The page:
After students learn how to use probabilistic simulations, what strategies can one use to encourage them to understand analytical results anyway? For example, I'm struggling to find a compelling reason/example to teach about the maths behind expected values when they can just run a simple simulation. I'm talking about students interested in applying probability, not students who appreciate pure maths.
Your question could apply generally to why should anyone learn the math "behind" anything, if they can easily compute the answer on a computer. I don't think they ALWAYS should. There should be a reason. For example, I had an old professor who said that when calculators first became common, some professors insisted that students should still learn to take square roots (of non square integers) by hand, in case all of the batteries died. I doubt that would be a popular opinion today.
The main reasons (not exhaustive) that I think that someone should learn the math "behind" anything is if:
- That helps them to understand the concept better
- That helps them build toward more advanced material that they will study later
- They will face situations in which they cannot use a computer
- They will face situations in which doing it without a computer is more efficient (e.g. faster)
- That helps them apply a sanity check on the results returned by the computer
If someone is already in their chosen profession, and will not be studying anything else later, perhaps #2 doesn't apply. But, if they want to eventually model disease transmission using stochastic differential equations, then that could entail computing the expected value of quantities based on equations (not specific values of the probabilities), and hence a computer simulation probably cannot be used to determine the general solution (only solutions for particular values of the variables). That may not be the quality of analysis that could be published in medical journals.
I've had students in college algebra classes make mistakes on a calculator resulting in answers that are obviously incorrect, and when I ask, "Does that answer make sense?", they just hold up the calculator toward me. In general it can help to have some understanding of what you are doing, rather than having complete faith in the computer/calculator (and your ability to enter the correct input).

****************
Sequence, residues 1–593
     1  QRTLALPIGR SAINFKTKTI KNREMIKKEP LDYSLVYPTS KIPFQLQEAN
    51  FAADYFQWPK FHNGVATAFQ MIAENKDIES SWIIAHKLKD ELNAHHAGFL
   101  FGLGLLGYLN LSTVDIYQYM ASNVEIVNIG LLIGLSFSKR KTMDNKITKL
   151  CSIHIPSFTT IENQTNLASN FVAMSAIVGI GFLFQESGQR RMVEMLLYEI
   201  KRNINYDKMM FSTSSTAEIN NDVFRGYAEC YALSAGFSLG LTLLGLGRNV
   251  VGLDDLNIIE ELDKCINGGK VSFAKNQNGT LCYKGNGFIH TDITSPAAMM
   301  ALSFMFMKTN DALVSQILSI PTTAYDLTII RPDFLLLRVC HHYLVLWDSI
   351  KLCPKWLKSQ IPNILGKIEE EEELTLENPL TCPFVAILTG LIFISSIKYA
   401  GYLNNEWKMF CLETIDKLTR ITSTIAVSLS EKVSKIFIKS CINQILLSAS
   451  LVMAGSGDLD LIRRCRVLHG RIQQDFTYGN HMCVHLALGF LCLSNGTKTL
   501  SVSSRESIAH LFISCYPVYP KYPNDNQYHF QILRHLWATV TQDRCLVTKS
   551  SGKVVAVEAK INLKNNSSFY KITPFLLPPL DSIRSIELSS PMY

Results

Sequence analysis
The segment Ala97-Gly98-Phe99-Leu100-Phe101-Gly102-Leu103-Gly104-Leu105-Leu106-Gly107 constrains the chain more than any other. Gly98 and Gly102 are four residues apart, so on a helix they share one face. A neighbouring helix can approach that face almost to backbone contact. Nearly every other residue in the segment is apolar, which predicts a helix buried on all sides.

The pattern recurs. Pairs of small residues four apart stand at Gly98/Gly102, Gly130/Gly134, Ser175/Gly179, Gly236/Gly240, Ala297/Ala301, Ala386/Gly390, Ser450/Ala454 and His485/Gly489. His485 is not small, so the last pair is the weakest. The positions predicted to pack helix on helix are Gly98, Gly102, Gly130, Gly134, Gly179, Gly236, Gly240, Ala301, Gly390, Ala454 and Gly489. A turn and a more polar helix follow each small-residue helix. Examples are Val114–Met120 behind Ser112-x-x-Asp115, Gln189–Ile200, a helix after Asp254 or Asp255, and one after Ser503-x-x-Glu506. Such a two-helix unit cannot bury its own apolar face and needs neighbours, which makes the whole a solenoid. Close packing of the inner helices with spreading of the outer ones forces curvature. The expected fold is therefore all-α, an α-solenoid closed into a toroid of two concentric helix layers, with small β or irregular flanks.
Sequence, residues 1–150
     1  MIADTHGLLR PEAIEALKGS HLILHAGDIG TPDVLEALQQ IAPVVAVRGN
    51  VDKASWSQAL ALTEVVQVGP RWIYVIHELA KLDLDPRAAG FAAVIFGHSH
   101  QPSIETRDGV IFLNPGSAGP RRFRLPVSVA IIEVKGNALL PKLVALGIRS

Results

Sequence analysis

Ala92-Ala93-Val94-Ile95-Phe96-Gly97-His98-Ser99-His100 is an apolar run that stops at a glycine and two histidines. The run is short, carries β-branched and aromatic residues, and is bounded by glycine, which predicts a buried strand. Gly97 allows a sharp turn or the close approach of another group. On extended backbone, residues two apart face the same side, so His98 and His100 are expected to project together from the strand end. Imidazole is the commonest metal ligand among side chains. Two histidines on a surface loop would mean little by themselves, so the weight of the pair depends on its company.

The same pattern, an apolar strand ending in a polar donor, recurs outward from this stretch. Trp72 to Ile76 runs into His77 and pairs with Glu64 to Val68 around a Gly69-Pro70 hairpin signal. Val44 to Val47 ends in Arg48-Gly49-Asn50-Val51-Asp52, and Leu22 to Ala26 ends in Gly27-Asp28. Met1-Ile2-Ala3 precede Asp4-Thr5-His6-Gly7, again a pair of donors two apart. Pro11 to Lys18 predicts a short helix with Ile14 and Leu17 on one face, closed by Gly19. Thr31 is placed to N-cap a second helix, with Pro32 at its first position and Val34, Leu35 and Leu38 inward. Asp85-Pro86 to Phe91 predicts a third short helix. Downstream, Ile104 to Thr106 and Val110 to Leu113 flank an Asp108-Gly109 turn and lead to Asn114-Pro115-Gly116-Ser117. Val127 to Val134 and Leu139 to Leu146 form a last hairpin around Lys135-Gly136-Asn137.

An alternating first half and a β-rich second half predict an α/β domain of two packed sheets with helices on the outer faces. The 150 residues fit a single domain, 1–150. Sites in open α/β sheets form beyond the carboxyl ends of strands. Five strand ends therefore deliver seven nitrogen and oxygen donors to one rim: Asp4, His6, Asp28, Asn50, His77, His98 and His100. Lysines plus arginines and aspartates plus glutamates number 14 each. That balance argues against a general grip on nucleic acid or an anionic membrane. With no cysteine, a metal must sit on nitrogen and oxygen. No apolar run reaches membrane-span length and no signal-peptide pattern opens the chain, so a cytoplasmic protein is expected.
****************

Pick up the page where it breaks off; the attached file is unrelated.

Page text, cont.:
But if someone is paying to take a college course for a particular purpose, and that purpose is satisfied by learning to use simulations to compute quantities, great.
they can just run a simple simulation
Simulations outside the classroom are often anything but simple. Brute force simulations are often a lot of work to set up, take a long time to calculate, and take even more computational resources to make sufficiently accurate. It is therefore necessary to have more advance tools in one's toolbox.
Here is a very nice worked example of Chutes and Ladders.
Your question prompted me to reread a comment that John Tukey wrote in the March 1979 edition of the Journal of the American Statistical Association (pp. 121-122).
He referred to what he calls "the whole data analyst-statistician." Such a person is able to "take quite different views and adopt quite different styles as the needs change." Evidently, you want your students who are working adults to grow in these terms.
Tukey goes on to describe probability modelers as wanting to believe that their models are entirely correct, and data analysts as regarding their models as "benchmarks in a wilderness, and expecting little truth." These are two opposite ends of a spectrum. He refers to the development of "robust/resistant techniques" that will bring these two together. His "whole data analyst-statistician" is an interdisciplinary thinker who can bring these perspectives of models together. A person who can go back and forth between these two ends of the spectrum is someone who appreciates the meaning of the famous statement by George Box, who was a colleague of John Tukey: "All models are wrong, but some are useful."
Your question about bringing students to appreciate both analytic results and simulations leads us naturally to the philosophical thinkings of these two giants of statisticians (Tukey and Box). One idea for inspiring motivated undergraduates is to have them read the first seven pages of Tukey's 1962 paper "Exploratory Data Analysis." I find Tukey's opening sentence to be both chilling and relevant to your predicament: For a long time I have thought I was a statistician, interested in inferences from the particular to the general. But as I have watched mathematical statistics evolve, I have had cause to wonder and to doubt.